This article is part of the topical collection “Determining groundwater sustainability from long-term piezometry in Sub-Saharan Africa”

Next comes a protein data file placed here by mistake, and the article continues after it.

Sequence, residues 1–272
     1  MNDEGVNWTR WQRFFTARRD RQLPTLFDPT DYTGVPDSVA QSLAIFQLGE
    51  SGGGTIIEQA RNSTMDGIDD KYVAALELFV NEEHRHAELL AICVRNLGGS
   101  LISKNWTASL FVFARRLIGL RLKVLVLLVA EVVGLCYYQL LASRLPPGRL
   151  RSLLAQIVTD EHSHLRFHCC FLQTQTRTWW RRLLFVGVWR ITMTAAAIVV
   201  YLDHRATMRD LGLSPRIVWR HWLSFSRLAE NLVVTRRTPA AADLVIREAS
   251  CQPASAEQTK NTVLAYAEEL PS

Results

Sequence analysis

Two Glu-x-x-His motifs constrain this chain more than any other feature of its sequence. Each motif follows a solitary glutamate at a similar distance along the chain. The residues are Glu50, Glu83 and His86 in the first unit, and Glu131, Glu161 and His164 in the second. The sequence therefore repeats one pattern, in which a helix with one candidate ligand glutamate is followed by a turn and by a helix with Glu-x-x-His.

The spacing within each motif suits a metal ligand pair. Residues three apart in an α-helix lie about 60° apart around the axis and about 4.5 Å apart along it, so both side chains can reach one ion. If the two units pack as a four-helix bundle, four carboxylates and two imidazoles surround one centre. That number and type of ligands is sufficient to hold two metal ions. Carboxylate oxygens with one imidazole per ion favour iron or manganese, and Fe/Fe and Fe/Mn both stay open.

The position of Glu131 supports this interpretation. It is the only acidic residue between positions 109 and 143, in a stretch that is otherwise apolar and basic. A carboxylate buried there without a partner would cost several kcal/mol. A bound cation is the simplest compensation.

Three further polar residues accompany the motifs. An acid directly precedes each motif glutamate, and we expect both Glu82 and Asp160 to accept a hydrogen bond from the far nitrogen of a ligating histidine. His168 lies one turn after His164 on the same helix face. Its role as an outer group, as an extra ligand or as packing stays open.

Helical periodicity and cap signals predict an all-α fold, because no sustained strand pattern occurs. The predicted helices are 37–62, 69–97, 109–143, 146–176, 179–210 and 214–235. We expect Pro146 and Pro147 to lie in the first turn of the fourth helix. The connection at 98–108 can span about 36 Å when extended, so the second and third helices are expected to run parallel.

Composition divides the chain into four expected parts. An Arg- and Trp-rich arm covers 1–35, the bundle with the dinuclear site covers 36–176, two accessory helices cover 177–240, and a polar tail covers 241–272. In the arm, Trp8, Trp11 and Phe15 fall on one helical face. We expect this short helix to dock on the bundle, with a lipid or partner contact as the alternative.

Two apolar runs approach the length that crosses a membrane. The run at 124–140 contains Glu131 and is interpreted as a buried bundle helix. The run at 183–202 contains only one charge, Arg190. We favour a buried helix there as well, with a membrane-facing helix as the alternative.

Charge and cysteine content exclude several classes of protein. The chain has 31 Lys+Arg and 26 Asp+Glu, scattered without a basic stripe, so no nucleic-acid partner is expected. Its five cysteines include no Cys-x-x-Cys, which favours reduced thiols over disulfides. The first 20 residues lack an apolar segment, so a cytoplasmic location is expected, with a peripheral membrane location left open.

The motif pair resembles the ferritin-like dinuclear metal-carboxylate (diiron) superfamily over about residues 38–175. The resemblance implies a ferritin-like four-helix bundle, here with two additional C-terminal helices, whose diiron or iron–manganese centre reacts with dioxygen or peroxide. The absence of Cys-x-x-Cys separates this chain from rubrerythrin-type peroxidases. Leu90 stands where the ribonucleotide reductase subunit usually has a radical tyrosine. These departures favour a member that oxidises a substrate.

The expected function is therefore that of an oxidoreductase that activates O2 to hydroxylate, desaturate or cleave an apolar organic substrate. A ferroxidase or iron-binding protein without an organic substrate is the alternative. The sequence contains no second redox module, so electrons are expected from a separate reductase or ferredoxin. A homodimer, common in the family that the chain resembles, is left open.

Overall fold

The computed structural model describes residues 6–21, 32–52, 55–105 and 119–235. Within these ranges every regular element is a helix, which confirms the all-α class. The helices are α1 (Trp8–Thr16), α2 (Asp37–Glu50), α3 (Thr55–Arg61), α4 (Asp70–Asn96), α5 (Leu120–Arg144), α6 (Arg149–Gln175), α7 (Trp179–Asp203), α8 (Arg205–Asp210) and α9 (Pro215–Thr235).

Weathered crystalline bedrock aquifers sustain water supplies across the tropics, including East Africa. Although well yields are commonly <1 L s−1, more intensive abstraction occurs and provides vital urban and agricultural water supplies. The hydrogeological conditions that sustain such high abstraction from crystalline bedrock aquifers remain, however, poorly characterised. Five sites of intensive groundwater abstraction (multiple boreholes yielding several L s−1 or more) were investigated in Uganda and Tanzania. Analysis of aquifer properties data indicates that the sites have transmissivities of 10–1,000 m2 day−1, which is higher than generally observed in deeply weathered crystalline bedrock aquifers. At four of the five sites, weathered bedrock (saprolite) is overlain by younger superficial sediments, which provide additional storage and raise the water table within the underlying aquifer. Residence-time indicators suggest that: (1) abstracted water derives, in part, from modern recharge (within the last 10–60 years); and (2) intensive abstraction is sustained by recharge occurring over several decades. This range of encountered residence times indicates a degree of resilience to contemporary climate variability (e.g. short-term droughts), although the long-term sustainability of intensive abstractions remains uncertain. Evidence from one site in Tanzania (Makutapora) highlights the value of multi-decadal groundwater-level records in establishing the long-term viability of intensive groundwater abstraction, and demonstrates the influence of intra-decadal climate variability in determining the magnitude and frequency of recharge.